Our data showed that the numbers of active players, professional and recreational, were in a steep decline, and after travelling around the country I realized that it wasn’t all about playstation and fast food, that made people do less sports. It was the fact that hardly anyone actually GOT TO PLAY volleyball, no matter how much they wanted to.
Our coaching culture, as in many other countries too I m sure, was driven by tradition. And traditionally we played pepper and soccer forever, and hit balls off tables, and hardly ever actually played the game. The same went for kids, adults, pros, we were all doing ineffective things in the gym, and I couldn’t stand just watching that from the side.
The worst thing of all was this: Both of my younger brothers were poorly coached also. They were both pretty good athletes, but never got to play volleyball in practice, and both of them felt like they were starting to lose the love for the sport.
The younger of my two brothers, Juhani (18yrs at the time) still played on a junior team, so I took over their practice whenever I was at home… The coach didn’t mind, since he was a busy man, and I enjoyed getting to teach my brother new things. His team started getting better and better and in the spring they finished 3rd in the national championships.
I spent the fall 2008 between my home and coaching the junior team, and travelling further up north to see my middle brother Anssi (24 yrs at the time.) He played on a professional team, and although I couldn’t play with my arm yet, I attended one of their practices. What I saw was a typical display of mats, cones, and tables, and absolutely no volleyball going on. I went to talk to some people in the club and they looked at the opportunity of hiring another assistant coach. So when the opportunity came, I started coaching Anssi’s team too, and although I wasn’t the head coach, I got to run the practice like Carl did in Hawaii and Switzerland.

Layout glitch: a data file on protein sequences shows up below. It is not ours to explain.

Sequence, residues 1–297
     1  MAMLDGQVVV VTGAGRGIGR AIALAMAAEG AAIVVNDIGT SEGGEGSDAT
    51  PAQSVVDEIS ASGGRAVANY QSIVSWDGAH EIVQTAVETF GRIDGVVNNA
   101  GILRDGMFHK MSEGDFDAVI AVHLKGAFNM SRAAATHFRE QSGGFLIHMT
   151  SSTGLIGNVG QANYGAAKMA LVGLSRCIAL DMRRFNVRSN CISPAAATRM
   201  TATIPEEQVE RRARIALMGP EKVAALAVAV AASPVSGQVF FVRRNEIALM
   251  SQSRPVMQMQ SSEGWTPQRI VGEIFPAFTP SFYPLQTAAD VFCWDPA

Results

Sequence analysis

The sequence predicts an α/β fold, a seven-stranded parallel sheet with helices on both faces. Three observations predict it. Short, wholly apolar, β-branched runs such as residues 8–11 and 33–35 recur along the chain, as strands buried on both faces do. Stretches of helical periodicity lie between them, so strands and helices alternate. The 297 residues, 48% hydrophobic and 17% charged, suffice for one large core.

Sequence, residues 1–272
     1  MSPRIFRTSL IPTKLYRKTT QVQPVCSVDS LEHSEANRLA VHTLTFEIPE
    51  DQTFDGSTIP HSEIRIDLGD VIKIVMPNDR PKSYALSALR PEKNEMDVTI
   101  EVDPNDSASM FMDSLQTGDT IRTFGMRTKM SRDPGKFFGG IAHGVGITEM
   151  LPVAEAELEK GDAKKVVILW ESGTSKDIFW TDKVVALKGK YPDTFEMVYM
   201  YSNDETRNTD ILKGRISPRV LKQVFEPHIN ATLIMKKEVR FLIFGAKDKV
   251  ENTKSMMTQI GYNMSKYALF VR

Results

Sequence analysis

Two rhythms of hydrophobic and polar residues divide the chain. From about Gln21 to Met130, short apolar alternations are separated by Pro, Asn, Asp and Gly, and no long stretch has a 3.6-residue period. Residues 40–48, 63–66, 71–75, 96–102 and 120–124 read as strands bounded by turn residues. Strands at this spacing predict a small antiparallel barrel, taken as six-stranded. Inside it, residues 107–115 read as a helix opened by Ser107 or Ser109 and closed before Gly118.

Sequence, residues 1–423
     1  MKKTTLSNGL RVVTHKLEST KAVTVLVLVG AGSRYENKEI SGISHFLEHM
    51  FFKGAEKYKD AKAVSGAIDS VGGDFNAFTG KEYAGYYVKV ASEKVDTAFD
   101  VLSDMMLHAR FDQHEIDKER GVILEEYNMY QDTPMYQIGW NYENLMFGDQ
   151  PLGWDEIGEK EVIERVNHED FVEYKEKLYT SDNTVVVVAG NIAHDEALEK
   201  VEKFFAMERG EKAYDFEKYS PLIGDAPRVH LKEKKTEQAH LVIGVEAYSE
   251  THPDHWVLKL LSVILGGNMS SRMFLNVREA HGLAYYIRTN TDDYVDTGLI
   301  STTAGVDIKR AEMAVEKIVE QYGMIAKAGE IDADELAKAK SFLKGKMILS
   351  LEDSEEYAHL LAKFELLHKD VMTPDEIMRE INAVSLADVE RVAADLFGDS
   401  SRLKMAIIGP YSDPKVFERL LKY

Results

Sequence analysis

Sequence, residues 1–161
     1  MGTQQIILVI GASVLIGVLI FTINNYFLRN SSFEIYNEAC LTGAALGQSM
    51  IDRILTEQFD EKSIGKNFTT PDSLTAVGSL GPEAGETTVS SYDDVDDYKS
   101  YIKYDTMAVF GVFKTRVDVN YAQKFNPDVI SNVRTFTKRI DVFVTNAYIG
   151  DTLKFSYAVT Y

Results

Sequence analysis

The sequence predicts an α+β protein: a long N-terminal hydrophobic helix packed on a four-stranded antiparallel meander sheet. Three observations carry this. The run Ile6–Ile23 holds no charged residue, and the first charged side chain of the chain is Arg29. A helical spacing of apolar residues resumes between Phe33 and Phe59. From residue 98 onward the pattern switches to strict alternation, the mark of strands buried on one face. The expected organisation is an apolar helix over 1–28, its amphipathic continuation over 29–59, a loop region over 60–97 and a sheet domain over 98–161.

After playing half a season with a another Finnish team, in fall 2009 my shoulder felt tons better. Unfortunately my knee was still hurting and after yet another scope I found myself not playing again, doing rehab again, and hoping for the best. Although nothing interesting was happening with my playing career, the little bit of coaching I had done a year earlier had sparked up a storm. Anssi’s team had kept practicing like USA, and were ranked #1 in the Finnish league, with one of the shortest lineups and least expensive players. As for today, they have won the regular season championship, the cup, and are starting to play best of 7 series of the league championship also. They don’t have more money or better players, but they play GMS volleyball now. The improvement has been tremendous, and people can hardly believe that those guys got so much better in their mid 20s.